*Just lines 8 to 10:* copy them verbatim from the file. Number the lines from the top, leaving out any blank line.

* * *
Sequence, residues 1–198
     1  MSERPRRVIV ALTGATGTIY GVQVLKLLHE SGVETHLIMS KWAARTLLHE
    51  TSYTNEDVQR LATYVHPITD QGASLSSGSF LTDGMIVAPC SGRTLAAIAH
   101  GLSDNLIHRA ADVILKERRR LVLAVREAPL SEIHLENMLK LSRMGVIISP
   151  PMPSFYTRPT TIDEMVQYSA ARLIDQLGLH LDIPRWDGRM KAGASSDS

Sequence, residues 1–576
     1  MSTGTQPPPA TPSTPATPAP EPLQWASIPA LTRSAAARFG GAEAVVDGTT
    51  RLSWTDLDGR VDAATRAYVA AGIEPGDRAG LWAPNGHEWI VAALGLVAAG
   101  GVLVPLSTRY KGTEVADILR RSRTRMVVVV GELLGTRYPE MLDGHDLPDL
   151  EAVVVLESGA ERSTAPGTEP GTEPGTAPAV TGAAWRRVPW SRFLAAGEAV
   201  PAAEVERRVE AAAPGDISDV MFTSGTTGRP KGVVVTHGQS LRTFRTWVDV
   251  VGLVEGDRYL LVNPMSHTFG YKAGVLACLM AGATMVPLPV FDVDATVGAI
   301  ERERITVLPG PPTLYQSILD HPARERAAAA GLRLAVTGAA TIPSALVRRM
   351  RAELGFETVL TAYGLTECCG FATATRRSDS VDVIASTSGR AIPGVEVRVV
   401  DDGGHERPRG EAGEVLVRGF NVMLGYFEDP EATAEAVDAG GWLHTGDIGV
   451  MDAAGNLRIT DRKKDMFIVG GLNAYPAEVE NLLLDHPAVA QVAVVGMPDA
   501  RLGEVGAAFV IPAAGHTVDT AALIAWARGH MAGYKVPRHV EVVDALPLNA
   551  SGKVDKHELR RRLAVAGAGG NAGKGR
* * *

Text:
    51  RLSWTDLDGR VDAATRAYVA AGIEPGDRAG LWAPNGHEWI VAALGLVAAG
   101  GVLVPLSTRY KGTEVADILR RSRTRMVVVV GELLGTRYPE MLDGHDLPDL
   151  EAVVVLESGA ERSTAPGTEP GTEPGTAPAV TGAAWRRVPW SRFLAAGEAV